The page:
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Tips for Getting Started with Artificial Intelligence

It may be daunting to think about how you could implement artificial intelligence (AI) in your organization. We’ve got the answers to your questions about getting started with artificial intelligence. 

While AI for industry can have a clear and explicit return on investment (ROI) through greater profits, it is sometimes harder to measure the return on a nonprofit or government agency. You probably want to measure your ROI in terms of one or more of the following:

  • Impact: Is the AI system helping you create a larger impact & better accomplish your mission?
  • Savings: Is it saving you money by helping staff accomplish tasks faster or with a better result? 
  • Improved customer service: Do the results make it easier for your key audiences to get the information or services they need?
  • Back office: Is your back office more efficient because of the AI system (e.g., speeding up invoice processing, getting payments out faster, improving inventory control)?

Starting your first AI project

Don’t start with a critical system

Failure should be an option. If the AI fails, it shouldn’t disrupt anything. 

Have plentiful data. 

Understand the data you have. Try to pick data that is:

  • Clean, without any gaps or outliers.
  • Structured, maintaining the same structure across the data sources. You don’t want, for example, to input books and spreadsheets because the AI may not know how to interpret them differently. 
  • Well-labeled so that the AI knows what success looks like. If you are inputting thousands of old grant applications and you want the AI to predict which new grant applications will be successful, then you have to tell the AI the key labels, such as the grant name, their final score for each category, whether they got funding, whether they were successful in implementing the grant. Without this data, the AI won’t know how to interpret future applications.

Know your goals!  

What do you want to accomplish? It is hard to know if you’ve reached your goals if you haven’t defined them.

Two options for getting started with AI 

1. Build with an internal team (self-hosted)

There are many tools available to organizations that want to build their AI capacity in-house. When getting started with artificial intelligence, many organizations will opt to use a suite of AI tools that you can easily get online instead of hosting their own. Amazon, Microsoft, and IBM provide toolsets to help you get started, even though they are considered to be quite technical in nature. Because of this, we recommend staffing your team with people who have programming and technical backgrounds.

2. Hire a team of experts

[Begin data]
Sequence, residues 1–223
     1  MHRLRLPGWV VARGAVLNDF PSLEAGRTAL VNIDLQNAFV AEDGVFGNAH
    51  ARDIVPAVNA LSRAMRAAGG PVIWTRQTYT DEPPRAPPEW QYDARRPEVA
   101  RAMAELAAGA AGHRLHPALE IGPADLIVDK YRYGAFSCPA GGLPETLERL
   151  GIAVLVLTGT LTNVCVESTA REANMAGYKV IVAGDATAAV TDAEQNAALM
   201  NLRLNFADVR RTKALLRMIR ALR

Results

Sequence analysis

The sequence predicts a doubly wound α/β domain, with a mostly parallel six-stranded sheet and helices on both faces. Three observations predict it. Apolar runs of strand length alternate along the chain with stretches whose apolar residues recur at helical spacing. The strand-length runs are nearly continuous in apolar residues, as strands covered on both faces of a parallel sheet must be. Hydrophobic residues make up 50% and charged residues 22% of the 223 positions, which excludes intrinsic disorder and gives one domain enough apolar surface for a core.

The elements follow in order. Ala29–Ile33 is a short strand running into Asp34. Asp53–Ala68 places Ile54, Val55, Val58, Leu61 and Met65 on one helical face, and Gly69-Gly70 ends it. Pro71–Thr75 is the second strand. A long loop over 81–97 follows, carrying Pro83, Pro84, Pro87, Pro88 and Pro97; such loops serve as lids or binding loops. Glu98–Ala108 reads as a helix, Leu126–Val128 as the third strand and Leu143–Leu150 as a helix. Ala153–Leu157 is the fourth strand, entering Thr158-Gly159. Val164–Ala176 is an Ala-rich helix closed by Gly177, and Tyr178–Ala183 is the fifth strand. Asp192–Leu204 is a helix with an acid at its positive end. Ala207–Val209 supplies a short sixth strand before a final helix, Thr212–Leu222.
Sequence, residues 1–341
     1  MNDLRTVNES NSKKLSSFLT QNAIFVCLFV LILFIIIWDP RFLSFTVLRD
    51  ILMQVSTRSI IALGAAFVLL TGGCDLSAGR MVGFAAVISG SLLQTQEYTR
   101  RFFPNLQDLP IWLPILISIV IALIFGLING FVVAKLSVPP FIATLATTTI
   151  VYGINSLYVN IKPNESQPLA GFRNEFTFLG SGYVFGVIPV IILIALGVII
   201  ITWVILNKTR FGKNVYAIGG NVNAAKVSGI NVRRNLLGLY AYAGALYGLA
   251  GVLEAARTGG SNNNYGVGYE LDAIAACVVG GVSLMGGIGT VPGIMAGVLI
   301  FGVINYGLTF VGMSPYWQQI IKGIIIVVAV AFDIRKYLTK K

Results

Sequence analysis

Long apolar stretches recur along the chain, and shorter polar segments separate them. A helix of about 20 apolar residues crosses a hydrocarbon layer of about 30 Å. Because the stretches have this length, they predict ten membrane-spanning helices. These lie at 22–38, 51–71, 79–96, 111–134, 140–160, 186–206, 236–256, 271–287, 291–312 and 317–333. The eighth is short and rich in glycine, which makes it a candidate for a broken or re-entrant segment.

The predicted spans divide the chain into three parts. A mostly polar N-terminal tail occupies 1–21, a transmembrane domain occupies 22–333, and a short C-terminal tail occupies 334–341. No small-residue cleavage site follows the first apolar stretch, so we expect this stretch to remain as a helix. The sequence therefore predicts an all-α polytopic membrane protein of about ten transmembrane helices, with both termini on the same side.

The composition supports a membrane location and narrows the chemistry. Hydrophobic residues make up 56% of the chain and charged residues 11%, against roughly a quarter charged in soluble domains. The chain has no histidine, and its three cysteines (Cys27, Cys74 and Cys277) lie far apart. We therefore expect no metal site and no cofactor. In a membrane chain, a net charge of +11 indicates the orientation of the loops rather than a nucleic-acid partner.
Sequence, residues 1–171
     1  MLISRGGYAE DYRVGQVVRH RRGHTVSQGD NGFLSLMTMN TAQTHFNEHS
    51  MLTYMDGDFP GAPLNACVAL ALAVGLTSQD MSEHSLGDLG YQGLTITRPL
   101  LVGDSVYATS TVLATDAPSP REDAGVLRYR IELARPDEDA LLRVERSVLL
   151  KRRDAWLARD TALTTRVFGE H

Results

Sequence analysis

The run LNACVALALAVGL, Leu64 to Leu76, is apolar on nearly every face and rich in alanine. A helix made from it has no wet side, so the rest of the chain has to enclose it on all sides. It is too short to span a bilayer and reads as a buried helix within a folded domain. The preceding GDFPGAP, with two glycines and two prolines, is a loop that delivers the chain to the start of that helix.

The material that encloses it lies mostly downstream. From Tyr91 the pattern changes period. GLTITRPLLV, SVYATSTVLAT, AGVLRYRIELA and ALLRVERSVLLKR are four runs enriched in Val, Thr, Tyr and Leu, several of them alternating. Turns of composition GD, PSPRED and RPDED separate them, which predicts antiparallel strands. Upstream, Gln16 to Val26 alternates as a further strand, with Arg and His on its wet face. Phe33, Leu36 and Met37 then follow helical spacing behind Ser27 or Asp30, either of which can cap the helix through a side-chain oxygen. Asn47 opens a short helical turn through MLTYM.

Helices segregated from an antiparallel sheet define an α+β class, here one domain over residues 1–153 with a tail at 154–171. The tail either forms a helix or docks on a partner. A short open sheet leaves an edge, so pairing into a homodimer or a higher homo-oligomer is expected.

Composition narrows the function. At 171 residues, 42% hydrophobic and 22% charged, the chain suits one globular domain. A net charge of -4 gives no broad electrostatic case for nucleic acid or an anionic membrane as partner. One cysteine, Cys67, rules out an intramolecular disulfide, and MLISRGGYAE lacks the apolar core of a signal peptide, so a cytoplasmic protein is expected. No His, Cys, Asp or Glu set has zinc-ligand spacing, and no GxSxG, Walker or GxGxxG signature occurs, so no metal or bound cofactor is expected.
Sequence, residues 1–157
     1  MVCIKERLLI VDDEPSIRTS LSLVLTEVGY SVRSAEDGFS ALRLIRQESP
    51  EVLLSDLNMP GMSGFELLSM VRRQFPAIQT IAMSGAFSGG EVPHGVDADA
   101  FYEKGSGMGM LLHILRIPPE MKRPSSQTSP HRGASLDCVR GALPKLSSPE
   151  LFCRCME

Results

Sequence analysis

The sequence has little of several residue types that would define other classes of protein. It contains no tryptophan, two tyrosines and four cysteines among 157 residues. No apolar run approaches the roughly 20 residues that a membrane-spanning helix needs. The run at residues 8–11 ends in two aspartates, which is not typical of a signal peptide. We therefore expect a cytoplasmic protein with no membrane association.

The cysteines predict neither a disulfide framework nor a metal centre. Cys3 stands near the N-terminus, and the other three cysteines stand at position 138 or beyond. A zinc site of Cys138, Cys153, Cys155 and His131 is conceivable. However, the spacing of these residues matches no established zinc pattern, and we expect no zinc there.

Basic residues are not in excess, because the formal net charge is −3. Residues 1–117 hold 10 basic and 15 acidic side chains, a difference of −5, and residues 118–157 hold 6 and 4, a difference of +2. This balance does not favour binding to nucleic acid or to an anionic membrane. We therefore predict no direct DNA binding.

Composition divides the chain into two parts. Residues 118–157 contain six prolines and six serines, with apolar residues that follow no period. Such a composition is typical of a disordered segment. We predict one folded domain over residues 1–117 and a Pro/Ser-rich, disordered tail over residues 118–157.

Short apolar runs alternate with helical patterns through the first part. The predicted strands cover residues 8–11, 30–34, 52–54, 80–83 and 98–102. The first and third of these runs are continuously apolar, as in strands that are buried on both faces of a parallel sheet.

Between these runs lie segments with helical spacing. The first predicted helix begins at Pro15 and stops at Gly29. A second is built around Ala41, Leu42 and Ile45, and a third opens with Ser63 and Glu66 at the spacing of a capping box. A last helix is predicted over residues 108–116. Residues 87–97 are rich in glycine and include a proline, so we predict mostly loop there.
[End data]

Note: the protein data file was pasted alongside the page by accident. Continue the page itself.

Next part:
When you hire an external AI firm, look for one that has worked with similar types of organizations to your own. This will help you better assess if the ROI will be worth it for you since firms with similar clients have likely worked on similar products to what you are looking to build for your team. 

Regardless of the type of solution you go after, you’ll want a diverse team working on your project internally. AI crosses boundaries in some unique ways, so only bring on people who are interested in this work. This may include someone from HR who wants to use AI to speed up resume reviews, a programmer who wants to jump into AI, the CTO who wants to experiment with AI, or a writer who can help troubleshoot some of the language matching implications. If you bring in only technologists, you’ll get a solution, but may not understand the implications of it.

More robust, more accurate, and less biased

You should set reasonable expectations when getting started with an artificial intelligence project by not expecting an AI solution to work right out of the box. It should be able to have a quantifiable degree of success, but you’ll want to keep training it over time. This is what is called “machine learning” (check out our last post for more on this). One of the biggest problems with AI is that it uses existing data to create models and predictions for the future. 

If you are feeding biased data into the system, then it will produce biased results at the other end. For example, if you’re using AI to look at past grant applications to recommend who to fund in the future, you might be missing that the last Foundation President had different priorities, so you’ll build those old priorities into the AI system. Consider what biases you might be building into a new AI system without knowing it. 

For more ideas on how to use AI, you can request a recording of our most recent webinar “How to Get Started with Artificial Intelligence.” 

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